Hydrography and water-mass formation in the Laptev Sea (TRANSDRIFT XXIV, XXV)
Task A will focus on oceanographic processes and water mass formation on the Laptev Sea shelf and provide the major link between previous Russian-German projects within this part-nership and the proposed project. This partnership resulted in some of the most extensive datasets available from anywhere on the Siberian shelves, which broadly improved the scientific knowledge of these regions. Recent publications resulting from the "Transdrift" project particularly emphasized the strong temperature increase on the central Laptev Sea shelf related to early ice breakup and the distribution of the Lena River plume, and hence showed important linkages between the physical environment with implications for sea ice, climate and the ecosystem. The core of this task is built around the central-shelf ocean observatory 1893. This location will provide a hydrographic time series from 2013 to 2018, and provides the necessary details to understand water-mass formation, distribution, and variability on seasonal to interannual time scales. A key extension to the "Transdrift" project will be a thorough analysis of historical hydrographic and biogeochemical datasets that are available at AARI, which may allow for longer-term statistical analyses to be put into a climatic context. Mixing processes are a key for water-mass formation and will be extensively studied with microstructure measurements. These will allow to measure vertical fluxes of heat and freshwater and further quantify fluxes of nutrients across the pycnocline, needed to under-stand the biogeochemical conditions in Work Package 3.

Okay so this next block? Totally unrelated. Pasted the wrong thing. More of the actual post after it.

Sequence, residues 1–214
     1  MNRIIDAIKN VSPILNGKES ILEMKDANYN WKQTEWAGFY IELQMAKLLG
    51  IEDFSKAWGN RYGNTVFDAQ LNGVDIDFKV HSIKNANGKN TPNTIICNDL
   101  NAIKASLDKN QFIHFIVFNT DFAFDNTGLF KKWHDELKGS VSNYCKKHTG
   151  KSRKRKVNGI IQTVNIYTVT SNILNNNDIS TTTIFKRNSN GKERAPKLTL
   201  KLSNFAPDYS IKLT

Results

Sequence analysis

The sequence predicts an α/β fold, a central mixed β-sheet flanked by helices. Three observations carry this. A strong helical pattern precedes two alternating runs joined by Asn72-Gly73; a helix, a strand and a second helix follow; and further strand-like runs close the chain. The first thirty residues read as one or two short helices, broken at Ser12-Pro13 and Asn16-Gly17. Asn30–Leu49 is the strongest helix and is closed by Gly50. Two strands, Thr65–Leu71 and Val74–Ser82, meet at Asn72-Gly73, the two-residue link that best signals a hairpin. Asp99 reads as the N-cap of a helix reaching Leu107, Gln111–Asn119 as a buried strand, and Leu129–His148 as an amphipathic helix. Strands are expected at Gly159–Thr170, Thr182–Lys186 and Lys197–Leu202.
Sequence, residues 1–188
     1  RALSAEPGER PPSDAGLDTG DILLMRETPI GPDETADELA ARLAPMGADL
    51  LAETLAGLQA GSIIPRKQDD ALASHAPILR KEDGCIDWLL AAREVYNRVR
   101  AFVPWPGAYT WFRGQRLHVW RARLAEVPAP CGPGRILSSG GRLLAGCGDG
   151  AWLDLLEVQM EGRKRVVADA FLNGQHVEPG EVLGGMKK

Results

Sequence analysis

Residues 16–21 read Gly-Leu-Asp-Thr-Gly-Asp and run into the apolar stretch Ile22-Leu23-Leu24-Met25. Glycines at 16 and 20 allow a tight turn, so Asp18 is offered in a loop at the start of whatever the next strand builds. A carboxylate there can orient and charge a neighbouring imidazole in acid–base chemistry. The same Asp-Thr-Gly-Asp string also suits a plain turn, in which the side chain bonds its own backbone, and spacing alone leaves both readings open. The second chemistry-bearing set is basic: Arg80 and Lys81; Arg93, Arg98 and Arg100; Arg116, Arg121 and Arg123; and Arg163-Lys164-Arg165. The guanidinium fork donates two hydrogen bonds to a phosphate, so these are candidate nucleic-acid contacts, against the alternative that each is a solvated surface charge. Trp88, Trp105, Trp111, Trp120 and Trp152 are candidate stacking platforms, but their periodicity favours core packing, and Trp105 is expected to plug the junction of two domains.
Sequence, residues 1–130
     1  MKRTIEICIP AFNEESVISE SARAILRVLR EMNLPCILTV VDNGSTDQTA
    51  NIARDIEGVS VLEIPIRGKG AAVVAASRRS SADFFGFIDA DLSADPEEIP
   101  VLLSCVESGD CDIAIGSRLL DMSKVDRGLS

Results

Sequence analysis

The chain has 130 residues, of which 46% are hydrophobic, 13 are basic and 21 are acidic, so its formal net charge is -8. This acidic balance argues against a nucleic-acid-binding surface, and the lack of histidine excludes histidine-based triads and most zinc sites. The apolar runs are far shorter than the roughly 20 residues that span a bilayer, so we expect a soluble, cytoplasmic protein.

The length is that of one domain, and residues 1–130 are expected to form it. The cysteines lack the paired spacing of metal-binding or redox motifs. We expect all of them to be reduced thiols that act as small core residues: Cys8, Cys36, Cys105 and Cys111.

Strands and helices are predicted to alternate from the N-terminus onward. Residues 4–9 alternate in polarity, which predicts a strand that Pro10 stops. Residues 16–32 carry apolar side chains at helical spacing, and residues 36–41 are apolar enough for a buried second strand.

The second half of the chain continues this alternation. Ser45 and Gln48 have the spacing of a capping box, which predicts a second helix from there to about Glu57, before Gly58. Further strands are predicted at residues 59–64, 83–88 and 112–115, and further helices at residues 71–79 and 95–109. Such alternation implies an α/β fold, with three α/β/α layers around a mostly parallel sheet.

Task A will be based on observations from year-round ocean observatories and detailed hydrographic surveys from two expeditions planned for 2017 and 2018. An additional focus will be on long data records, which will allow putting the detailed findings from both the "Transdrift" project and the proposed project into long-term perspectives. Some major scientific outcomes include a broader understanding of shelf processes, in particular the role of earlier ice reduction for the thermal shelf environment, interannual to decadal temperature and salinity variability on the shelf and associated climate patterns, as well as the role of tides and winds on vertical mixing processes.
Task A will be led by AARI scientists, who will be responsible for data mining and the production of long time series from Russian historical data, and then link these long-term records with the detailed datasets produced in the "Transdrift" project and in the proposed project. AWI scientists will primarily design and analyze the moored observations and carry out microstructure measurements on the central shelf. The GEOMAR team will provide a neodymium- and stable-oxygen-isotope-based assessment on the provenance and the sea-ice-related modification of water masses. The team of Kiel University will determine the particle transport at the shelf break by acoustic and optical backscatter data of the ADCPs (Acoustic Doppler Current Profilers) mounted on the ocean observatories.
|Mikhail Makhotin||Arctic and Antarctic Research Institute|
|Dorothea Bauch||GEOMAR Helmholtz Centre for Ocean Research Kiel|
|Stefan Buettner||Christian Albrechts University Kiel|
|Jens Hoelemann||Alfred Wegener Institute Helmholtz Centre for Polar and Marine Research|
|Markus Janout||Alfred Wegener Institute Helmholtz Centre for Polar and Marine Research|
|Stanislav Malinovsky||Arctic and Antarctic Research Institute|